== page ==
Left: Just turned four and still fresh, the Ferrari Enzo.
Right: Stuttgart's challenge to Maranello, the V10 Porsche Carrera GT.
And the 241mph F.1 McLaren? The list price equated to around $1 million when new, which seemed stratospheric, and the timing couldn’t have been much unluckier, just as the economy hit rock bottom and the collectors car market followed. And yet, I don’t remember a time when anyone had anything bad to say about the F.1. Yes, their values dipped- I remember auctioning a 400km from new example in 1998 for just $550,000- but collectors almost universally consider this the supercar of the past quarter century. It’s hard not to, really, with limited build numbers (some 110 including race cars), great competition history (it doesn’t get much better than victory at Le Mans), good, understated looks (which have aged well), reasonable practicality (room for golf clubs, wife and girlfriend will be many owners’ idea of heaven), and most importantly of all, that other worldly performance: no other car came close until the Veyron. Over a decade after its launch, the best examples of the F.1 are hitting close to $2 million in private sales, with almost double that paid recently for one of the five ‘LM’ versions built. Had potential buyers foreseen that back in 1992/3, McLaren would probably have signed up rather more of them.
Which brings us to the Veyron. We’re all read the numbers: €1 million plus tax (actually €1.1 since 15th April 2006) to own one, a 407 km/h top speed, and of course those magical 1001 bhp. A nice touch, that: anything that comes in packages of 1001, rather like Arabian Nights, must surely be exotic.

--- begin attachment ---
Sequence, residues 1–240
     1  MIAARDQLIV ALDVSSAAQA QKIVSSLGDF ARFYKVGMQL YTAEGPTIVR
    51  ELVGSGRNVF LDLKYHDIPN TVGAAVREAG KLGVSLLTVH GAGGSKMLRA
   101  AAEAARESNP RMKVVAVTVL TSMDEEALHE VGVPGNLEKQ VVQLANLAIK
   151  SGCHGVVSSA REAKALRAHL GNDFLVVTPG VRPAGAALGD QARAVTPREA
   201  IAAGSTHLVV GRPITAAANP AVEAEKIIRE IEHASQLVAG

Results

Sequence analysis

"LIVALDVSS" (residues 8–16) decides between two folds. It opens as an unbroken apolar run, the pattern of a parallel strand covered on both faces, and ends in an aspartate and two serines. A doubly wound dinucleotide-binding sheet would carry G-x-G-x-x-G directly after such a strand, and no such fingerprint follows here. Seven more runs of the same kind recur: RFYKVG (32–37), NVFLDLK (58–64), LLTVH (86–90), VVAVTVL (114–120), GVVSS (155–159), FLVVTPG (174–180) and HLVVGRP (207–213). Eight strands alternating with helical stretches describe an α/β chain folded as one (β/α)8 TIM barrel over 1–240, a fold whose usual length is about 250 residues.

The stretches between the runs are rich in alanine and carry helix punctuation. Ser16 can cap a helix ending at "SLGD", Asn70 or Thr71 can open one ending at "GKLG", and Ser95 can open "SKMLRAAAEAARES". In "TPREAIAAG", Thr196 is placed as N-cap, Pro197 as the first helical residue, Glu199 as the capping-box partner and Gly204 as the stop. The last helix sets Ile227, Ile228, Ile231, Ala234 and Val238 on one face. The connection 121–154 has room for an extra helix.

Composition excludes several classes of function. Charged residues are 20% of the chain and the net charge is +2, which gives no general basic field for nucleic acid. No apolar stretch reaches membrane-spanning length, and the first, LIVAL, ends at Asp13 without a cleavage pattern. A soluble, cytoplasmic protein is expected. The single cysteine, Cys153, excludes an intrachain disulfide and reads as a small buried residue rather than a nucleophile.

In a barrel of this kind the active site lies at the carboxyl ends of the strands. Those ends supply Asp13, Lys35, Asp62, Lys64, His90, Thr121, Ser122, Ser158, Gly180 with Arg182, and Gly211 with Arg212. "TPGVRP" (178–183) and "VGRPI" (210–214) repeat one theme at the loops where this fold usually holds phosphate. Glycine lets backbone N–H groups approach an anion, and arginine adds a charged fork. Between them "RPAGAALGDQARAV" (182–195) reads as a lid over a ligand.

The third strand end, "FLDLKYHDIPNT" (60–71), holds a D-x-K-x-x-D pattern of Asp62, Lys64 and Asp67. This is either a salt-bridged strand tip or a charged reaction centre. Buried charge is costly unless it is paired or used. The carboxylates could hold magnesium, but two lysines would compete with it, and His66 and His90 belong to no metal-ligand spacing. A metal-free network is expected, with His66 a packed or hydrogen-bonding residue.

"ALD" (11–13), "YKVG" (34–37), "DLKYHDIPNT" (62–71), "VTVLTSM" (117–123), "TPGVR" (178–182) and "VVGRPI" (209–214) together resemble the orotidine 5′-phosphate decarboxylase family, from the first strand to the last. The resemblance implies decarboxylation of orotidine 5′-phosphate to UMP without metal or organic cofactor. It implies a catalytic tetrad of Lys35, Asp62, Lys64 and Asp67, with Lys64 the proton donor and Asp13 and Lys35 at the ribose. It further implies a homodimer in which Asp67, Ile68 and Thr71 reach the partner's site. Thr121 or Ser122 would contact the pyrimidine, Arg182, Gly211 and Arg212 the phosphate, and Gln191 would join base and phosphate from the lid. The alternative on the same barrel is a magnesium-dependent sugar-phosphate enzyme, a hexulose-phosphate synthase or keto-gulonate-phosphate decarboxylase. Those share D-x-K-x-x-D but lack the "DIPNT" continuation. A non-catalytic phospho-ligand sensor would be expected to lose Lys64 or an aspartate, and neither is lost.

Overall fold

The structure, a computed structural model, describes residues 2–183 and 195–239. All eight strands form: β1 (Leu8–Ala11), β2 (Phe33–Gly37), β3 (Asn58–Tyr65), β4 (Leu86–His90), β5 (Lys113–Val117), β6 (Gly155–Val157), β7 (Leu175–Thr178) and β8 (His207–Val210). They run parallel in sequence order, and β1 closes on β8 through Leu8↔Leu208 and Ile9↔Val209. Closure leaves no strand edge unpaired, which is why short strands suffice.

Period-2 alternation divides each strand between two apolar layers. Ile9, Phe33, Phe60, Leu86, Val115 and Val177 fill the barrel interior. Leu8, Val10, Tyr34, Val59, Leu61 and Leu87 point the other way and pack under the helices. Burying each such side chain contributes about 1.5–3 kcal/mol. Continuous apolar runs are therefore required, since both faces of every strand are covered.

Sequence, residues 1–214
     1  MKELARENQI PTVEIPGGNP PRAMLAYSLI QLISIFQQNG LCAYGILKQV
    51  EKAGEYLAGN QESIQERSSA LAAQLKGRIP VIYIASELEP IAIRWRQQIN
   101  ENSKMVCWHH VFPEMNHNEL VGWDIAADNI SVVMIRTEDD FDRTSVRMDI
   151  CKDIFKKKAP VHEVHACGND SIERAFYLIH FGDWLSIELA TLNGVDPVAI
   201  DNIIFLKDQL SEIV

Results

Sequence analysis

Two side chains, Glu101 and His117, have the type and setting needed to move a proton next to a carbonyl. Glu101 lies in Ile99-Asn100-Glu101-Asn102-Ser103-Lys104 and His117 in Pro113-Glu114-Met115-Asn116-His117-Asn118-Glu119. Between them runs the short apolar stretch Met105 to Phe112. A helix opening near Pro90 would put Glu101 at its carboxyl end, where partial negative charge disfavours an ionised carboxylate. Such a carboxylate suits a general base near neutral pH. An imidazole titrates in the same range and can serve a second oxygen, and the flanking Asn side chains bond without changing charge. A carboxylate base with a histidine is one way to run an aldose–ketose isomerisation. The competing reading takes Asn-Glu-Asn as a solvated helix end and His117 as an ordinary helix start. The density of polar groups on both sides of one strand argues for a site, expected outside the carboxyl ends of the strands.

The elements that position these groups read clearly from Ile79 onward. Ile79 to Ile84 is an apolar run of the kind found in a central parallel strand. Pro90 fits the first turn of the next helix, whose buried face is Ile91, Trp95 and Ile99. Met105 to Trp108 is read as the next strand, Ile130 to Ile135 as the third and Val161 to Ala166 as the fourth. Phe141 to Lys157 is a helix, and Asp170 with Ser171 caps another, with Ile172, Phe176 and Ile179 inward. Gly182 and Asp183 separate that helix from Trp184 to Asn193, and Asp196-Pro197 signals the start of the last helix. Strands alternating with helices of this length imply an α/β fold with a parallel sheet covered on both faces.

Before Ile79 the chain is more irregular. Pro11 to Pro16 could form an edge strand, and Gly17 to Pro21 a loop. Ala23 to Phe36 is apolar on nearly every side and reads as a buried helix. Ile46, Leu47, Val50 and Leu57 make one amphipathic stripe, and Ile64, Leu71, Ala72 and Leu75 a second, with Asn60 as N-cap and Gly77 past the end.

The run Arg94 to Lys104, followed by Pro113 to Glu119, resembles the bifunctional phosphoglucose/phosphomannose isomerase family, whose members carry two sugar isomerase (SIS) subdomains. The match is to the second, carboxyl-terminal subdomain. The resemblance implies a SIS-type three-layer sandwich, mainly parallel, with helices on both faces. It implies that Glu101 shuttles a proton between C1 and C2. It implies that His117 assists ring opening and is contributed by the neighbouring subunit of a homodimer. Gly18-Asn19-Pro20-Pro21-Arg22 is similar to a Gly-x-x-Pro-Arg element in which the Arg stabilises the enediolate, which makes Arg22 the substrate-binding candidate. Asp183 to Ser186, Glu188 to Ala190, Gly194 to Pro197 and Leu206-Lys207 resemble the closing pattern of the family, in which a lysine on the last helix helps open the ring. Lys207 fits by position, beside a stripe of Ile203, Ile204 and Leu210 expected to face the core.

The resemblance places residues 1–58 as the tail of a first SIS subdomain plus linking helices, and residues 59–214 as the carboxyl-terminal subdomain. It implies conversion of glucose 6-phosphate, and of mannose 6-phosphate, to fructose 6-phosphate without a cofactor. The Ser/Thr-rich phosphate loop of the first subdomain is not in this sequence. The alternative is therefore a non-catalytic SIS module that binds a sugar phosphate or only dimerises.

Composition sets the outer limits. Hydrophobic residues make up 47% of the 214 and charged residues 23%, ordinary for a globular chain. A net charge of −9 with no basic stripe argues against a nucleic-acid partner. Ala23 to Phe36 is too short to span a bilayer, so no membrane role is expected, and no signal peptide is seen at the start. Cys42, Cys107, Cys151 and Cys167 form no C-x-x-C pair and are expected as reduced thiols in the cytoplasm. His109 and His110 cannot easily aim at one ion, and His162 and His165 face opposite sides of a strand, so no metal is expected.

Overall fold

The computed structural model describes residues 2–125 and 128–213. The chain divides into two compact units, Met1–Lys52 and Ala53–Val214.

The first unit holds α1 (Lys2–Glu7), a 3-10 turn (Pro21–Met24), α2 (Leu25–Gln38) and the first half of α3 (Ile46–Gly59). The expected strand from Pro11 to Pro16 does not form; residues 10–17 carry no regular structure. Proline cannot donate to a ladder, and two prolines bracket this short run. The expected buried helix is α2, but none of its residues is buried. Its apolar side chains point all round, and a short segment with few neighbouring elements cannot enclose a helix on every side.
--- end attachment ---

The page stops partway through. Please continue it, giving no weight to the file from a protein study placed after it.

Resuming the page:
So if there is a moral to this story, it’s probably that modern supercars are still one of the most enjoyable ways of losing a small fortune, but if you’ve worked hard to afford one, it’s a waste of time trying to rationalize such a purchase. Just please drive it: you’re missing the point if you become an armchair owner more concerned with owning the lowest mileage example than actually getting to know it first hand.
Left: Still 'The Daddy', the 241mph McLaren F1.
Right: 21st Century Panzer Force- the Bugatti Veyron.
At the end of the Collier Symposium, Bugatti’s genial PR man Julius Kruta (a genuine ‘car guy’ and longstanding Bugatti enthusiast) approached me and asked if I’d like to try out the Veyron ‘when next in Molsheim’. Not an invitation I receive every day, and so a few months later I found myself driving my very obsolete black Miura north towards the French/Swiss border, thinking this would be a good way of seeing how much progress supercar manufacturers have made in the four decades since Lamborghini introduced the first one. The answer, of course, is quite a lot.
If I haven’t bored you stiff already (and if I have I apologise), our next newsletter will tell you all about a day with a Veyron, no minders and the empty roads of the Alsace.